If you know anything about technology, you will have probably heard the term ‘Big Data’. As the storage capabilities of data platforms improves, so do the opportunities to uncover valuable information that can be gleaned from data. However, Big Data is often confused with Business Intelligence, and discussions of Big Data regularly conflate the two. There is a difference between Business Intelligence and Big Data, and one you should probably know, as being able to analyse large amounts of data is fast becoming a necessity that, when done resourcefully, can seriously benefit your organisation.
What’s The Difference between Business Intelligence and Big Data?
Big Data refers to data sets too large to be processed by traditional data processing applications, and should be distinguished from data that can be managed with a toolset such as Microsoft Excel. The IT research company Gartner defined Big Data as encompassing three ‘V’s:
This is the quantity of data a business produces or wants to analyse. Put simply, there has to be a huge amount of data, hence ‘big’ data. The data is naturally too big to be handled by traditional data processing applications.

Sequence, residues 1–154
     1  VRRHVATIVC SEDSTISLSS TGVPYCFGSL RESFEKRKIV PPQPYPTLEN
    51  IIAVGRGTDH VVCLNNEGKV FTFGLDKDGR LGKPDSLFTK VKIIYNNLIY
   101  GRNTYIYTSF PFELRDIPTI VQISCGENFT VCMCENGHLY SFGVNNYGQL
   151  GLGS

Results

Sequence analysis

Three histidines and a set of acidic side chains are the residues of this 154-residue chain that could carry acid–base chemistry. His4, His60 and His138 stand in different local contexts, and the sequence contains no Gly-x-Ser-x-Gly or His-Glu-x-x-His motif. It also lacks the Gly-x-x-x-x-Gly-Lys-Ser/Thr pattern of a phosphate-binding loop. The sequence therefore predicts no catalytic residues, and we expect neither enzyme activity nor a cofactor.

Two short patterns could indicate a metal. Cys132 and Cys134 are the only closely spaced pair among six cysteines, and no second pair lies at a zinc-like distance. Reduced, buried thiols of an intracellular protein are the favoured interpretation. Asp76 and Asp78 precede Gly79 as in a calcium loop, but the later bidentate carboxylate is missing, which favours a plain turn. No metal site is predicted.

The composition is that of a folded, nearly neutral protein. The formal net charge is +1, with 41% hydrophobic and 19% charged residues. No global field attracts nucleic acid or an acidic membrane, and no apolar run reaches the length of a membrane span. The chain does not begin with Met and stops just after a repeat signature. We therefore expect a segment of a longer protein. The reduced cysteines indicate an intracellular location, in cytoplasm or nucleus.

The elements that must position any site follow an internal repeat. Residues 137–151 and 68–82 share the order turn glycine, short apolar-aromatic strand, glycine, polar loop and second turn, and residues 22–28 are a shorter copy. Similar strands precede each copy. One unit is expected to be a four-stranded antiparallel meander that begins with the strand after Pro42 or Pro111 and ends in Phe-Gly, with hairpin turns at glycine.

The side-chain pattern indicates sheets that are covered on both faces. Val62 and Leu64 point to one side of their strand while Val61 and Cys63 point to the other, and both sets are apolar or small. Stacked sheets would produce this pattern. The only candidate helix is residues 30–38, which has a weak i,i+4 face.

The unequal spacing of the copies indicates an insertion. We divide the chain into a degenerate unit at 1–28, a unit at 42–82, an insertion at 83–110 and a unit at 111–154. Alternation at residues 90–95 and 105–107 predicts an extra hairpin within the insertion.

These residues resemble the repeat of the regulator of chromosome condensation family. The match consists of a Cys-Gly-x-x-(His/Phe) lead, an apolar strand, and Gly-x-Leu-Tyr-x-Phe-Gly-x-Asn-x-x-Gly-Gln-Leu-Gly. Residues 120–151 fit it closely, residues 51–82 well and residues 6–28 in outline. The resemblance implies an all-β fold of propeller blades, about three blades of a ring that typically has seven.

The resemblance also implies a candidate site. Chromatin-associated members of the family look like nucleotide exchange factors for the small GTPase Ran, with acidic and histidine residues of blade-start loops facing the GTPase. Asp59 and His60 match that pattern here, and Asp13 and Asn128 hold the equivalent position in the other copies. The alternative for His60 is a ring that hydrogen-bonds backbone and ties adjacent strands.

This refers to the diversity of data sources and the collection of data itself. Big Data typically comes from a wide variety of data sources, and the data itself is varied, comprising both structured and unstructured data such as emails, videos and social media.
This is the speed at which data flows in from sources such as networks, business processes and social media. The flow of Big Data is characteristically immense and constant.
Big Data is important because within it is the power to advance your business by making better decisions, improving processes, extending customer engagement, preventing illicit operations and finding and profiting from new sources of revenue. Market trends, behaviours and factors which influence different actions and buying patterns can be explored, which can be used to improve your business efficiency by identifying when your target market is most active and what influences their decision making.
However, you should remember that big data is just that, data, and so not all of it will be valuable, and is useless unless it’s analysed properly.
Whilst Big Data refers to an entity, Business Intelligence (BI) is a process; it’s what you do with Big Data. Through technology, BI engages with data, whether normal or big, and extracts useful information from it. This can involve an assortment of tools, applications and methodologies that allow the collection of data from internal systems and external sources, organise it for analysis, develop and run queries against the data, and create reports and visualisations to present the results in an easy to understand manner.
Who Uses Big Data?
Big Data has ramifications for virtually every industry:
Big Data for Retail